(HC) Orosco v. Sisto, No. 2:2008cv03075 - Document 24 (E.D. Cal. 2010)

Court Description: ORDER, FINDINGS and RECOMMENDATIONS signed by Magistrate Judge Timothy J. Bommer on 11/29/10: ORDERING that Petitioner's request for an order to show cause is DENIED as moot. Petitioner's request for an order directing the Superior Court to set the matter for an evidentiary hearing is DENIED. Petitioner's request for appointment of counsel is DENIED. RECOMMENDING that 1 Petition for Writ of Habeas Corpus be DENIED. Objections to F&R due within twenty-one days. (Kaminski, H)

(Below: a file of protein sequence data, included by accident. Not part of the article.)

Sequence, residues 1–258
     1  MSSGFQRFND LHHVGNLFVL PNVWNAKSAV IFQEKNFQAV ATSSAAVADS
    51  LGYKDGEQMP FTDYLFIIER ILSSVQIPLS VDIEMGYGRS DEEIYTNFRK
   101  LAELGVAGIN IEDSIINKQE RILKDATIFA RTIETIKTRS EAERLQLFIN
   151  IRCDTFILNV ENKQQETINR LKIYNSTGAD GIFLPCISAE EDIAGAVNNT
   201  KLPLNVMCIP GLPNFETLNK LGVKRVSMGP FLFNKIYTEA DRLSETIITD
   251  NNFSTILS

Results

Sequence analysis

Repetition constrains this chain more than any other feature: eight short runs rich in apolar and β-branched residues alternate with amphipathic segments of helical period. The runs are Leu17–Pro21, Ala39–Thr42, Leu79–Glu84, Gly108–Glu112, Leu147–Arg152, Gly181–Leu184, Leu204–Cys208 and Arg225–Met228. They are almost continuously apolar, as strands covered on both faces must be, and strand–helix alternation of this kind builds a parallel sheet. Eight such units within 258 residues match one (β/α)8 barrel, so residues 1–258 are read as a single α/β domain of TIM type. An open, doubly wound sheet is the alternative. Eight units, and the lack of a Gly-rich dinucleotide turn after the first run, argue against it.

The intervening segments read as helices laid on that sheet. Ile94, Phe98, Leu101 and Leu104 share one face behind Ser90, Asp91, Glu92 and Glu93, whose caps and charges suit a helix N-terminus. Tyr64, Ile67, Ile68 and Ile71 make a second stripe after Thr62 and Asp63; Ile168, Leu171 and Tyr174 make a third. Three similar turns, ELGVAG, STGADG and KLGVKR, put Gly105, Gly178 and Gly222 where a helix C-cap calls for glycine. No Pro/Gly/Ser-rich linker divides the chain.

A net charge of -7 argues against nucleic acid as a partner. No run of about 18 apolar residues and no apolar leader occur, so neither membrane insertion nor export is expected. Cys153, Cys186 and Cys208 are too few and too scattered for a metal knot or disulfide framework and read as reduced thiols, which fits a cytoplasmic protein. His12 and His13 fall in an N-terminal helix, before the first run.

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(HC) Orosco v. Sisto Doc. 24 1 2 3 4 5 6 7 8 IN THE UNITED STATES DISTRICT COURT 9 FOR THE EASTERN DISTRICT OF CALIFORNIA 10 LUIS CARDENAS OROSCO, 11 12 13 14 15 16 Petitioner, No. CIV S-08-3075-JAM-TJB Respondent. ORDER, FINDINGS AND RECOMMENDATIONS vs. D. K. SISTO, / I. INTRODUCTION 17 Petitioner Luis Cardenas Orosco is a state prisoner proceeding pro se with a petition for 18 writ of habeas corpus pursuant to 28 U.S.C. § 2254. For the following reasons, (1) Petitioner’s 19 request for judicial notice is granted; (2) Petitioner’s remaining requests are denied; and (3) it is 20 recommended that the habeas petition be denied. 21 22 II. PROCEDURAL HISTORY On November 22, 2005, Petitioner was convicted of second degree murder, five counts of 23 attempted murder, and one count of first degree burglary in Sacramento County Superior Court. 24 See Clerk’s Tr. vol. 4, 991-96; see also Lodged Doc. 4, at 1. “The jury also found true 25 allegations that [Petitioner] used a dangerous and deadly weapon in the commission of the 26 murder and attempted murders (§ 12022, subd. (b)(1)) and personally inflicted great bodily injury 1 Dockets.Justia.com 1 in the commission of the attempted murders (§ 12022.7, subd. (a)).” Lodged Doc. 4, at 1. 2 Petitioner was sentenced to forty-three years to life in prison. Id.; see Clerk’s Tr. vol. 4, 997- 3 1000. 4 Petitioner directly appealed to the California Court of Appeal, Third Appellate District. 5 See Lodged Doc. 1. On June 22, 2007, the Court of Appeal issued a reasoned decision affirming 6 the conviction. See Lodged Doc. 4. 7 Petitioner filed a petition for review in the California Supreme Court. See Lodged Doc. 8 5. On August 29, 2007, the California Supreme Court denied the petition without comment or 9 citation. See Lodged Doc. 6. 10 On December 3, 2008, Petitioner filed the instant federal habeas petition in the United 11 States District Court for Central District of California. See Pet’r’s Pet., ECF Doc. 1. On 12 December 16, 2008, the district court transferred the matter to the United States District Court 13 for the Eastern District of California. See Order, Dec. 16, 2008, ECF No. 3. On October 2, 14 2009, Respondent filed an answer, to which Petitioner filed a traverse on December 15, 2009. 15 III. FACTUAL BACKGROUND1 16 The facts of the underlying offenses are immaterial to our determination of this appeal. The facts surrounding [Petitioner’s] statement to law enforcement, however, are material and are given below. 17 18 On August 7, 2004, [Petitioner] was taken into custody near the scene of the crimes and transported to the Sacramento County Sheriff’s Department for questioning. [Petitioner] was questioned by Detective Dan Cabral, who speaks both English and Spanish. Cabral was asked to interview [Petitioner] by Sergeant Craig Hill, who “had some difficulty understanding [Petitioner] and wanted to make sure . . . that somebody was available to [Petitioner] if, in fact, [Petitioner] wanted to speak in Spanish.” 19 20 21 22 23 1 24 25 26 These facts are from the California Court of Appeal’s opinion issued on June 22, 2007. See Lodged Doc. 4, at 2-6. Pursuant to the Antiterrorism and Effective Death Penalty Act of 1996, a determination of fact by the state court is presumed to be correct unless Petitioner rebuts that presumption with clear and convincing evidence. 28 U.S.C. § 2254(e)(1); see Moses v. Payne, 555 F.3d 742, 746 n.1 (9th Cir. 2009); Davis v. Woodford, 384 F.3d 628, 638 (9th Cir. 2004). 2 1 Before questioning [Petitioner] about the crimes, Cabral conversed with [Petitioner] in English. He asked [Petitioner] if he wanted some water, and [Petitioner] said, “Please, water.” When Cabral noted that [Petitioner] had already been given some water, [Petitioner] stated, “No. I need more, man.” Cabral told [Petitioner] that he would get [Petitioner] a new cup, and [Petitioner] said, “Thanks, man.” Cabral asked [Petitioner] if [Petitioner] understood “English pretty good,” and [Petitioner] said, “Yeah.” Cabral told [Petitioner] that “[i]f there’s something you don’t understand, let me know so I -- we can make it clear so you understand me,” and [Petitioner] responded, “Okay.” Cabral then explained, “I do speak Spanish. However, I understand better than I can speak it.” [Petitioner] responded, “I understand, man.” [Petitioner] then asked Cabral, “You the lawyer? Something?” Cabral said, “No,” and explained he was a detective. Cabral then asked [Petitioner] whether he understood that he was under arrest, and [Petitioner] responded, “Uh-huh.” 2 3 4 5 6 7 8 9 10 After this initial colloquy, Cabral advised [Petitioner] of his Miranda2 rights by reading from a standard form in English. When Cabral finished, he asked [Petitioner]: “Do you understand each of these rights that I have explained to you?” According to the transcript of the interview, there was “[n]o [a]udible [r]esponse.” Cabral then asked [Petitioner], “Yes or no,” and [Petitioner] responded, “Yes.” Cabral then asked [Petitioner]: “Having these rights in mind, do you wish to talk to me?” Again, the transcript reads, “[n]o [a]udible [r]esponse.” Cabral then asked, “That’s yes or no,” and [Petitioner] replied, “Yeah. Yes.” 11 12 13 14 15 Shortly thereafter, [Petitioner] and Cabral began conversing primarily in Spanish. During the interview, [Petitioner] made inculpatory statements admitting he had assaulted each of the victims. 16 17 18 [Petitioner] moved to suppress his statement to Cabral on the ground it was obtained involuntarily and in violation of his Miranda rights. He claimed he “could not have knowingly and intelligently waived his right to remain silent because he was not advised of his Miranda rights in his native language; he did not sign a written Miranda waiver; and he did not appear to understand his Miranda rights.” 19 20 21 22 The trial court held an evidentiary hearing on [Petitioner’s] suppression motion. Detective Cabral testified that [Petitioner] “[d]efinitely” appeared to understand him when he “communicated to [Petitioner] in English,” including when he read [Petitioner] his Miranda rights. Cabral explained that had [Petitioner] appeared not to have understood his rights, Cabral would have read him his 23 24 25 26 2 Miranda v. Arizona (1966) 384 U.S. 436 [16 L.Ed.2d 694]. 3 1 rights in Spanish. 2 Three Sacramento County Sheriff’s deputies, each of whom had prior contact with [Petitioner], also testified. Deputy Daniel Davis, who did not speak Spanish, testified that in 1999 he responded to a “suspicious circumstances call” and encountered [Petitioner]. Davis asked [Petitioner] in English what he was doing there, and [Petitioner] explained in English that his car had broken down and he was fixing it. [Petitioner] later admitted that he was changing his transmission fluid and allowing it to run into the storm drain. Davis read [Petitioner] his Miranda rights in English, and [Petitioner] indicated he understood those rights and agreed to waive them. According to Davis, [Petitioner] had a “thick accent” and “[h]is speech was very deliberate”; however, [Petitioner] “didn’t have any problem communicating with [Davis] whatsoever.” 3 4 5 6 7 8 9 10 11 12 13 14 15 Deputy Jeffrey Farley, who also did not speak Spanish, testified that in 2002 he detained [Petitioner] on suspicion of attempting to pass a forged check. Farley advised [Petitioner] of his Miranda rights in English, and thereafter, [Petitioner] agreed to speak to him. [Petitioner] explained in English that he received two checks from a third party and was to cash them, give the proceeds from one of the checks to the third party, and keep the proceeds from the other check for himself. [Petitioner] provided a physical description of the third party and gave Farley a couple of places to look for her. At the jail, [Petitioner] was given a “Miranda sheet” written in English. When [Petitioner] explained that he could not read English, Farley turned the sheet over so that [Petitioner] could read it in Spanish. 16 17 18 19 Deputy Earl Helfrich, who spoke both English and Spanish, testified that in 2003 he responded to a report of an intoxicated man and encountered [Petitioner]. Helfrich advised [Petitioner] of his Miranda rights in Spanish, and [Petitioner] indicated he understood his rights and agreed to speak to Helfrich. Helfrich took a statement from [Petitioner] but could not recall whether the two conversed in English, Spanish, or both. 20 21 22 23 The trial court denied [Petitioner’s] motion to suppress. The court determined his statements were “freely and voluntarily given and should be admitted. Although [Petitioner] speaks mostly Spanish, he clearly understood the admonitions and questions put to him in both Spanish and English by Detective Cabral and others. [Petitioner] understood and voluntarily waived his Miranda rights.” 24 25 A redacted videotape of the interview was played for the jury. 26 4 1 2 IV. APPLICABLE LAW FOR FEDERAL HABEAS CORPUS An application for writ of habeas corpus by a person in custody under judgment of a state 3 court can be granted only for violations of the Constitution or laws of the United States. 28 4 U.S.C. § 2254(a); see also Peltier v. Wright, 15 F.3d 860, 861 (9th Cir. 1993); Middleton v. 5 Cupp, 768 F.2d 1083, 1085 (9th Cir. 1985) (citing Engle v. Isaac, 456 U.S. 107, 119 (1982)). 6 This petition for writ of habeas corpus was filed after the effective date of, and thus is subject to, 7 the Antiterrorism and Effective Death Penalty Act of 1996 (“AEDPA”). Lindh v. Murphy, 521 8 U.S. 320, 326 (1997); see also Weaver v. Thompson, 197 F.3d 359, 362 (9th Cir. 1999). Under 9 AEDPA, federal habeas corpus relief also is not available for any claim decided on the merits in 10 11 12 13 14 state court proceedings unless the state court’s adjudication of the claim: (1) resulted in a decision that was contrary to, or involved an unreasonable application of, clearly established Federal law, as determined by the Supreme Court of the United States; or (2) resulted in a decision that was based on an unreasonable determination of the facts in light of the evidence presented in the State court proceeding. 15 28 U.S.C. § 2254(d); see also Penry v. Johnson, 532 U.S. 782, 792-93 (2001); Williams v. 16 Taylor, 529 U.S. 362, 402-03 (2000); Lockhart v. Terhune, 250 F.3d 1223, 1229 (9th Cir. 2001). 17 In applying AEDPA’s standards, the federal court must “identify the state court decision 18 that is appropriate for our review.” Barker v. Fleming, 423 F.3d 1085, 1091 (9th Cir. 2005). 19 “The relevant state court determination for purposes of AEDPA review is the last reasoned state 20 court decision.” Delgadillo v. Woodford, 527 F.3d 919, 925 (9th Cir. 2008) (citations omitted). 21 “Where there has been one reasoned state judgment rejecting a federal claim, later unexplained 22 orders upholding that judgment or rejecting the same claim rest upon the same ground.” Ylst v. 23 Nunnemaker, 501 U.S. 797, 803 (1991). To the extent no such reasoned opinion exists, courts 24 must conduct an independent review of the record to determine whether the state court clearly 25 erred in its application of controlling federal law, and whether the state court’s decision was 26 objectively unreasonable. Delgado v. Lewis, 223 F.3d 976, 981-82 (9th Cir. 2000). “The 5 1 question under AEDPA is not whether a federal court believes the state court’s determination 2 was incorrect but whether that determination was unreasonable--a substantially higher 3 threshold.” Schriro v. Landrigan, 550 U.S. 465, 473 (2007) (citing Williams, 529 U.S. at 410). 4 “When it is clear, however, that the state court has not decided an issue, we review that question 5 de novo.” Reynoso v. Giurbino, 462 F.3d 1099, 1109 (9th Cir. 2006) (citing Rompilla v. Beard, 6 545 U.S. 374, 377 (2005)). 7 8 9 V. REQUESTS FOR REVIEW The petition for writ of habeas corpus sets forth four requests. Petitioner requests: (1) judicial notice; (2) an order to show cause; (3) an evidentiary hearing in the Superior Court; and 10 (4) appointment of counsel. See Pet’r’s Pet. 16. 11 A. First Request: Judicial Notice 12 First, Petitioner requests “judicial notice of the record in People v. Luis Cardenas Orosco, 13 Superior Court Case No. 04F06886, Court of Appeal Case No. C051676, and California 14 Supreme Court Case No. S153939.” Pet’r’s Pet. 16. 15 “A judicially noticed fact must be one not subject to reasonable dispute in that it is either 16 (1) generally known within the territorial jurisdiction of the trial court[;] or (2) capable of 17 accurate and ready determination by resort to sources whose accuracy cannot reasonably be 18 questioned.” FED . R. EVID . 201(b); see United States v. Bernal-Obeso, 989 F.2d 331, 333 (9th 19 Cir. 1993). “A court shall take judicial notice if requested by a party and supplied with the 20 necessary information.” FED . R. EVID . 201(d). The record of a state court proceeding is a source 21 whose accuracy cannot reasonably be questioned, and judicial notice may be taken of court 22 records. Mullis v. U.S. Bankruptcy Court, 828 F.2d 1385, 1388 n.9 (9th Cir. 1987), cert. denied, 23 486 U.S. 1040 (1988); Valerio v. Boise Cascade Corp., 80 F.R.D. 626, 635 n.1 (N.D. Cal. 1978), 24 aff’d, 645 F.2d 699 (9th Cir. 1981), cert. denied, 454 U.S. 1126 (1981); see also Colonial Penn 25 Ins. Co. v. Coil, 887 F.2d 1236, 1239 (4th Cir. 1989); Rodic v. Thistledown Racing Club, Inc., 26 615 F.2d 736, 738 (6th Cir. 1980). 6 1 Petitioner’s request for judicial notice of the record in the state court proceedings is 2 granted. FED . R. EVID . 201(b)(2), (c); see also, e.g., Papai v. Harbor Tug & Barge Co., 67 F.3d 3 203, 207 n.5 (9th Cir. 1995) (upholding judicial notice of orders and decisions by other courts), 4 rev’d on other grounds, 520 U.S. 548 (1996); United States ex rel. Robinson Rancheria Citizens 5 Council v. Borneo, Inc., 971 F.2d 244, 248 (9th Cir. 1992) (holding courts may take judicial 6 notice of “proceedings in other courts, both within and without the federal judicial system, if 7 those proceedings have a direct relation to matters at issue”); Mullis, 828 F.2d at 1388 n.9 8 (determining courts may take judicial notice of contents in court files in other lawsuits); MGIC 9 Indem. Corp. v. Weisman, 803 F.2d 500, 504 (9th Cir. 1986) (finding courts may take judicial 10 notice of matters of public record outside pleadings). 11 B. Second Request: Order To Show Cause 12 Second, in his prayer for relief, Petitioner requests an “[o]rder . . . to [s]how [c]ause” as to 13 “why Petitioner is not entitled to the relief herein sought.” Pet’r’s Pet. 16. As stated earlier, 14 Respondent filed an answer to the petition on October 2, 2009, to which Petitioner filed a 15 traverse on December 15, 2009. Petitioner’s request for an order to show cause is denied as 16 moot. 17 C. Third Request: Evidentiary Hearing 18 Third, Petitioner requests that the Superior Court be directed “to set the matter for an 19 evidentiary hearing.” Id. Here, the record shows the trial court already held an evidentiary 20 hearing on Petitioner’s suppression motion and denied it. Lodged Doc. 4, at 4-6. Additionally, 21 as explained later, Petitioner does not allege facts that establish a colorable claim for relief. See 22 infra Part VI. Petitioner’s request that the Superior Court be directed to hold an evidentiary 23 hearing is denied. 24 D. Fourth Request: Appoint Counsel 25 Fourth, Petitioner requests appointment of counsel in further litigation of this action. 26 Pet’r’s Pet. 16. The Sixth Amendment right to counsel does not apply in habeas corpus actions. 7 1 See Knaubert v. Goldsmith, 791 F.2d 722, 728 (9th Cir. 1986). A district court, however, may 2 appoint counsel to represent a habeas petitioner whenever “the court determines that the interests 3 of justice so require,” and such person is financially unable to obtain representation. 18 U.S.C. § 4 3006A(a)(2)(B). The decision to appoint counsel is within the district court’s discretion. See 5 Chaney v. Lewis, 801 F.2d 1191, 1196 (9th Cir. 1986). Courts have made appointment of 6 counsel the exception rather than the rule by limiting it to: (1) capital cases; (2) cases that turn 7 on substantial and complex procedural, legal, or mixed legal and factual questions; (3) cases 8 involving uneducated or mentally or physically impaired petitioners; (4) cases likely to require 9 the assistance of experts either in framing or in trying the claims; (5) cases in which the petitioner 10 is in no position to investigate crucial facts; and (6) factually complex cases. See generally 1 J. 11 LIEBMAN & R. HERTZ, FEDERAL HABEAS CORPUS PRACTICE AND PROCEDURE § 12.3b, at 383-86 12 (2d ed. 1994). Appointment is mandatory only when the circumstances of a particular case 13 indicate that appointed counsel is necessary to prevent due process violations. See Chaney, 801 14 F.2d at 1196; Eskridge v. Rhay, 345 F.2d 778, 782 (9th Cir. 1965). 15 Appointment of counsel is not warranted in this case. Petitioner’s claim is a typical claim 16 arising in a habeas petition and is not especially complex. This is not an exceptional case 17 warranting representation on federal habeas review. Petitioner’s request for appointment of 18 counsel is denied. 19 20 21 This matter is now ready for decision. For the following reasons, it is recommended that habeas relief be denied. VI. CLAIM FOR REVIEW 22 The petition for writ of habeas corpus sets forth one ground for relief. Petitioner argues 23 that statements he made to Detective Cabral, after he was arrested, were admitted into evidence 24 against him in violation of his Fifth Amendment rights under Miranda v. Arizona, 384 U.S. 436 25 (1966). Petitioner alleges “he did not knowingly and intelligently waive his” Miranda right to 26 remain silent because Detective Cabral only read the Miranda warnings to Petitioner in English, 8 1 and Petitioner was not sufficiently fluent in English to understand those rights. Pet’r’s Pet. 32. 2 A. Legal Standard for Miranda Warnings 3 In Miranda v. Arizona, 384 U.S. 436 (1966), the Supreme Court held that certain 4 warnings must be given if a suspect’s statement made during custodial interrogation is to be 5 admitted in evidence. Once properly advised of his rights, an accused may waive them 6 voluntarily, knowingly and intelligently. Id. at 475. Voluntary means that the waiver was the 7 product of free and deliberate choice rather than intimidation, coercion or deception. Colorado v. 8 Spring, 479 U.S. 564, 573 (1987). Knowing and intelligent means that the defendant was aware 9 of “the nature of the right being abandoned and the consequences of the decision to abandon it.” 10 11 Id.; Moran v. Burbine, 475 U.S. 412, 421 (1986). “Whether there has been a valid waiver depends on the totality of the circumstances, 12 including the background, experience, and conduct of defendant.” United States v. Bernard S., 13 795 F.2d 749, 751 (9th Cir. 1986) (citing North Carolina v. Butler, 441 U.S. 369, 374-75 (1979); 14 Johnson v. Zerbst, 304 U.S. 458, 464 (1938)). “The age of the defendant is one factor in 15 applying the totality test.” Id. (citing Fare v. Michael C., 442 U.S. 707, 725 (1979)). “Similarly, 16 any language difficulties encountered by the defendant are considered to determine if there has 17 been a valid waiver.” Id. at 751-52 (citing United States v. Heredia-Fernandez, 756 F.2d 1412, 18 1415 (9th Cir.), cert. denied, 474 U.S. 836 (1985)); see also United States v. Gonzales, 749 F.2d 19 1329, 1335-36 (9th Cir. 1984) (reviewing language difficulties in determining whether waiver 20 was valid); United States v. Martinez, 588 F.2d 1227, 1235 (9th Cir. 1978) (assuming “without 21 so holding that if Miranda warnings are given in a language which the person being so instructed 22 does not understand, a waiver of those rights would not be valid”). 23 B. Analysis of Miranda Claim 24 The last reasoned state court opinion on Petitioner’s Miranda challenge is the California 25 Court of Appeal’s decision on direct appeal. The Court of Appeal rejected this claim, stating in 26 relevant part: 9 1 2 3 4 5 6 7 8 9 Here, the relevant considerations support the trial court’s finding that [Petitioner’s] ability to speak and comprehend English was sufficient to enable him to both understand his Miranda rights and to knowingly and intelligently waive those rights. At the time of the interview, [Petitioner] was 36 years old and had been in the United States at least intermittently since 1992. He had experience with the American criminal justice system. He had been questioned by law enforcement at least three times prior to his arrest in this case, and in each instance he was advised of his Miranda rights in English, Spanish, or both; indicated that he understood his rights; and agreed to waive them. Deputy Farley’s testimony that [Petitioner] indicated he could not read the “Miranda sheet” written in English suggests that [Petitioner] would have asked for clarification if he did not understand his rights when Deputy Davis, Deputy Farley, or Detective Cabral read them to him in English. Moreover, while neither Deputy Davis nor Deputy Farley spoke Spanish, both were able to communicate with [Petitioner] in English. 10 11 12 13 14 15 16 17 18 19 20 21 22 23 24 25 26 The transcript of the interview also supports the trial court’s finding that [Petitioner] understood and voluntarily waived his Miranda rights. Before Detective Cabral advised [Petitioner] of his Miranda rights, he asked [Petitioner] several questions in English that [Petitioner] answered appropriately. In particular, Cabral asked [Petitioner] if he understood “English pretty good,” and [Petitioner] assured him that he did. After [Petitioner] demonstrated his ability to understand and communicate in English, Cabral advised him of his Miranda rights. When asked whether he understood those rights, [Petitioner] indicated that he did. Cabral then asked whether [Petitioner] wanted to speak with him, and [Petitioner] again indicated that he did. We reject [Petitioner’s] assertion that Detective Cabral “form[ed] the impression that [Petitioner] could not understand English, because Cabral began relying upon his Spanish only a few questions after [Petitioner’s] rights were given in English.” When asked why he “switched over” to Spanish, Cabral explained that [Petitioner] began responding in Spanish and appeared to be more comfortable conversing in Spanish. Cabral’s explanation is supported by the transcript of the interview, which shows that he began questioning [Petitioner] primarily in Spanish only after [Petitioner] began responding primarily in Spanish. That [Petitioner] was more comfortable speaking Spanish does not mean he did not understand English. Indeed, while the interview was conducted primarily in Spanish, at points Cabral reverted to English and [Petitioner] responded appropriately in both English and Spanish. For example, when asked how many times he hit Steve with the bat, [Petitioner] responded, “Maybe three.” When asked whether he hit Elena “[a]ll in the head,” he responded, “No, I think only here.” When asked “which girl did you hit like that,” he responded, “Maybe . . . Elena’s girl.” Moreover, when Cabral 10 1 reverted back to English, he asked [Petitioner], “Do you understand me in English,” and [Petitioner] responded, “Uh-huh.” 2 3 4 5 6 7 8 9 10 11 12 13 14 15 16 That [Petitioner] had some difficulty with English does not preclude a finding that his ability to speak and comprehend English was sufficient to understand his rights and to validly waive them. (Bernard S., 795 F.2d at p. 752; see also Campaneria v. Reid (2d Cir. 1989) 891 F.2d 1014, 1020 [the defendant’s limited proficiency in English did not prevent him from making a knowing and intelligent waiver of his constitutional rights].) Although [Petitioner] sometimes spoke in broken English with an accent and appeared to be more comfortable speaking Spanish, the record amply supports the trial court’s finding that his command of English was sufficient for him to have understood the Miranda warnings given to him. [Petitioner’s] reliance on the decision of the Ninth Circuit Court of Appeals in U.S. v. Garibay (9th Cir. 1998) 143 F.3d 534 is misplaced. There, the court reversed the trial court’s finding that the defendant made a knowing and intelligent waiver of his Miranda rights because, among other things, the defendant was a person of low intelligence, with no experience in the criminal justice system, whose native language was Spanish, and who produced independent evidence of his inability to understand English. (See id. at pp. 538-539.) As [Petitioner] concedes, the facts of this case are not “as overwhelming as [those in] the Garibay case.” Indeed, [Petitioner] is a person with experience in the criminal justice system, whose native language is Spanish but who speaks responsively and intelligently in English, and who produced no independent evidence of an inability to understand and speak English. Nor is there any indication in the record that he does not possess at least average intelligence. 17 18 19 Lodged Doc. 4, at 7-9. Here, the record shows Petitioner spoke adequate English. Petitioner spoke in English to 20 Detective Cabral from the moment Detective Cabral encountered Petitioner. Clerk’s Tr. vol. 1, 21 162. Detective Cabral had no difficulty understanding Petitioner’s English throughout the 22 interview, and Petitioner did not appear to have trouble understanding Detective Cabral. See, 23 e.g., id. at 171 (showing Petitioner discussed how he “broke this finger” in English); id. at 198 24 (revealing Petitioner spoke in English about how murder victim paid Petitioner in stolen checks); 25 id. at 264 (showing Petitioner responded to Detective Cabral’s question, asked in English, after 26 they conversed in Spanish); id. at 266 (same); id. at 289-94 (same). Although English is 11 1 Petitioner’s second language, he did not show he was unable to communicate effectively in 2 English. 3 4 5 Further, the record shows Petitioner received and waived his Miranda rights: DET. CABRAL: Like I said, my name’s Dan Cabral. I work here with the sheriff’s department, our homicide bureau. Okay? Before we start, uh, to talk about anything, you understand English pretty good? 6 MR. OROSCO: Yeah. 7 DET. CABRAL: Okay. 8 9 DET. CABRAL: If there’s something you don’t understand, let me know so I -- we can make it clear so you understand me. Okay? 10 MR. OROSCO: Okay. 11 DET. CABRAL: I do speak Spanish. However, I understand better than I can speak it. 12 MR. OROSCO: I understand, man. 13 14 DET. CABRAL: Okay. Okay, so together like I’m sure we can work it out, okay? 15 MR. OROSCO: Okay. You the lawyer? Something? 16 DET. CABRAL: No -- no. I’m a detective. 17 MR. OROSCO: Oh. 18 DET. CABRAL: I’m a detective. Uh, I think earlier today you talked to, uh, our sergeant, Craig Hill. Un güero. [A white guy.] 19 MR. OROSCO: Uh-huh. 20 22 DET. CABRAL: Okay. Um, he -- yeah, he called me and said, “Hey, we got some things going on. Can you come down and help?” So I’m here to help them out. Okay. Uh, you know -- you understand you’re under arrest? 23 MR. OROSCO: Uh-huh. 24 DET. CABRAL: Okay. Before I start to ask you anything, basically, what I’ve gotta do is cover a few things. Uh, first of all, we definitely wanna get your side of the story as to what happened, okay? I think it’s real important for everybody. Okay. But before I continue, what I have to do is read you your Miranda 21 25 26 12 1 advisements. 2 MR. OROSCO: Oh. 3 DET. CABRAL: Okay? And have you been arrested before? 4 MR. OROSCO: Yeah. 5 DET. CABRAL: Okay. And are you familiar with Miranda? 6 7 MR. OROSCO: No. Just por [for] ticket there. Por [For] -- I just coming por violencia doméstica [for domestic violence] two months. 8 DET. CABRAL: Okay. 9 MR. OROSCO: Only two months. 10 DET. CABRAL: Okay. 11 MR. OROSCO: One month. 12 16 DET. CABRAL: Okay, this is something we -- we’ve gotta do. It’s kind of your rights, okay? I’m gonna read them to you, okay? And let me know if you understand them. Okay? You have the right to remain silent. Anything you say, can be used against you in a court of law. You have the right to talk to an attorney and have an attorney present before and during questioning. If you cannot afford an attorney, one will be appointed free of charge to represent you before and during questioning if you desire. Do you understand each of these rights that I have explained to you? 17 MR. OROSCO: (No Audible Response) 18 DET. CABRAL: Yes or no? 19 MR. OROSCO: Yes. 20 DET. CABRAL: Okay, having these rights in mind, do you wish to talk to me? 13 14 15 21 MR. OROSCO: (No Audible Response) 22 DET. CABRAL: Okay. That’s a yes or no? 23 MR. OROSCO: Yeah. Yes. 24 25 Id. at 164-67. During the interview, Petitioner never indicated that he did not understand his 26 rights, nor did Petitioner ask for clarification about his rights. Petitioner also never asked for a 13 1 lawyer, and never indicated an unwillingness to talk to the police. Petitioner was even willing to 2 speak with Detective Cabral again if needed: 3 DET. CABRAL: If I need to talk to you again, are you willing to talk to me? 4 MR. OROSCO: Uh-huh. 5 DET. CABRAL: If I need to talk to you tomorrow or Monday? 6 MR. OROSCO: Uh-huh. 7 8 9 10 DET. CABRAL: ¿Puedo hablar contigo otra vez? [Can I talk to you again?] MR. OROSCO: Sí -- sí, cuando quiera. Pues, yo voy a decir lo mismo. [Yes -- yes, whenever you want. Well, I’m going to say the same thing.] 11 Clerk’s Tr. vol. 5, 1377. The evidence indicates that, despite Petitioner’s accent and switch 12 between English and Spanish, Petitioner understood his rights and voluntarily, knowingly, and 13 intelligently waived them. See Bernard S., 795 F.2d at 752 (determining substantial evidence 14 supported finding that seventeen year-old with limited English proficiency understood and 15 validly waived his Miranda rights). 16 Moreover, “[t]he erroneous admission of statements taken in violation of a defendant’s 17 Fifth Amendment rights is subject to harmless error.” Ghent v. Woodford, 279 F.3d 1121, 1126 18 (9th Cir. 2002) (citing Neder v. United States, 527 U.S. 1, 18 (1999)). On collateral review, the 19 test is “whether the error ‘had substantial and injurious effect or influence in determining the 20 jury’s verdict.’” Brecht v. Abrahamson, 507 U.S. 619, 637 (1993) (citing Kotteakos v. United 21 States, 328 U.S. 750, 776 (1946)); see also Bains v. Cambra, 204 F.3d 964, 977 (9th Cir. 2000) 22 (determining Brecht standard applies uniformly in all federal habeas corpus cases under § 2254). 23 Here, the State’s evidence against Petitioner was overwhelming. The police were 24 dispatched to the crime scene and encountered several victims, including Ulla Norlie, Kristena 25 Norlie, Cynthia J., Miguel Araiza, and Steven Heasely. Rep.’s Tr. vol. 2, 284-85, 302-03. Ulla 26 was “covered with blood,” id. at 284; the two children, Kristena and Cynthia, also “had blood 14 1 coming from their head,” id. at 302; Araiza was injured, id. at 285; and Heasely’s clothes 2 appeared to be soaked in blood. Id. at 304. Several people, including Ulla, Araiza, and “a 3 citizen,” pointed the police to Petitioner, who the police found near the crime scene “covered in 4 blood.” Id. at 286, 303. The police “notice[d] a baseball bat with blood on it in plain view and a 5 nail gun or staple gun.” Id. at 306. At trial, four of the victims testified against Petitioner, as 6 well as other eye witnesses. The State’s physical evidence and eyewitness testimony were so 7 persuasive that Petitioner cannot show that the admission of his custodial statements had any 8 substantial effect on the jury’s verdict. Habeas relief cannot be granted on this claim. 9 VII. CONCLUSION 10 For the foregoing reasons, IT IS HEREBY ORDERED that: 11 1. Petitioner’s requests for judicial notice of the record in People v. Orosco, Superior 12 Court Case No. 04F06886, Court of Appeal Case No. C051676, and California Supreme Court 13 Case No. S153939, is GRANTED; 14 2. Petitioner’s request for an order to show cause is DENIED as moot; 15 3. Petitioner’s request for an order directing the Superior Court to set the matter for an 16 evidentiary hearing is DENIED; and 17 4. Petitioner’s request for appointment of counsel is DENIED. 18 IT IS HEREBY RECOMMENDED that Petitioner’s application for writ of habeas corpus 19 20 be DENIED. These findings and recommendations are submitted to the United States District Judge 21 assigned to the case, pursuant to the provisions of 28 U.S.C. § 636(b)(1). Within twenty-one 22 days after being served with these findings and recommendations, any party may file written 23 objections with the court and serve a copy on all parties. Such a document should be captioned 24 “Objections to Magistrate Judge’s Findings and Recommendations.” Any reply to the objections 25 shall be served and filed within seven days after service of the objections. Failure to file 26 objections within the specified time may waive the right to appeal the District Court’s order. 15 1 Turner v. Duncan, 158 F.3d 449, 455 (9th Cir. 1998); Martinez v. Ylst, 951 F.2d 1153, 1156-57 2 (9th Cir. 1991). In any objections he elects to file, Petitioner may address whether a certificate of 3 appealability should be issued in the event he elects to file an appeal from the judgment in this 4 case. See Rule 11(a), Federal Rules Governing Section 2254 Cases (district court must issue or 5 deny certificate of appealability when it enters final order adverse to applicant). 6 7 8 9 DATED: November 29, 2010. 10 11 12 TIMOTHY J BOMMER UNITED STATES MAGISTRATE JUDGE 13 14 15 16 17 18 19 20 21 22 23 24 25 26 16